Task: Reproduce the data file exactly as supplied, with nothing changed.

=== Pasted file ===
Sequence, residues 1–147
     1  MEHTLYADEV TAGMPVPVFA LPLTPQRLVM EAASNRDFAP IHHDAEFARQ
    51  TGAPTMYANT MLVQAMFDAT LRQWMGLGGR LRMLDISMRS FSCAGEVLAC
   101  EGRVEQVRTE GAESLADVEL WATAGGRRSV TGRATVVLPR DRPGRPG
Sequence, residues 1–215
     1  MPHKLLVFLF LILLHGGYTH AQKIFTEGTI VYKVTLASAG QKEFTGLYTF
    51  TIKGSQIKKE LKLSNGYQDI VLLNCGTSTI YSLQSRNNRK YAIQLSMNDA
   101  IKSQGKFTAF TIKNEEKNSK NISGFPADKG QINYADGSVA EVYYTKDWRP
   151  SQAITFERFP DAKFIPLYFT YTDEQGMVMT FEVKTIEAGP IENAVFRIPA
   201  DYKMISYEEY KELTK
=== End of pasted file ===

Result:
Sequence, residues 1–147
     1  MEHTLYADEV TAGMPVPVFA LPLTPQRLVM EAASNRDFAP IHHDAEFARQ
    51  TGAPTMYANT MLVQAMFDAT LRQWMGLGGR LRMLDISMRS FSCAGEVLAC
   101  EGRVEQVRTE GAESLADVEL WATAGGRRSV TGRATVVLPR DRPGRPG
Sequence, residues 1–215
     1  MPHKLLVFLF LILLHGGYTH AQKIFTEGTI VYKVTLASAG QKEFTGLYTF
    51  TIKGSQIKKE LKLSNGYQDI VLLNCGTSTI YSLQSRNNRK YAIQLSMNDA
   101  IKSQGKFTAF TIKNEEKNSK NISGFPADKG QINYADGSVA EVYYTKDWRP
   151  SQAITFERFP DAKFIPLYFT YTDEQGMVMT FEVKTIEAGP IENAVFRIPA
   201  DYKMISYEEY KELTK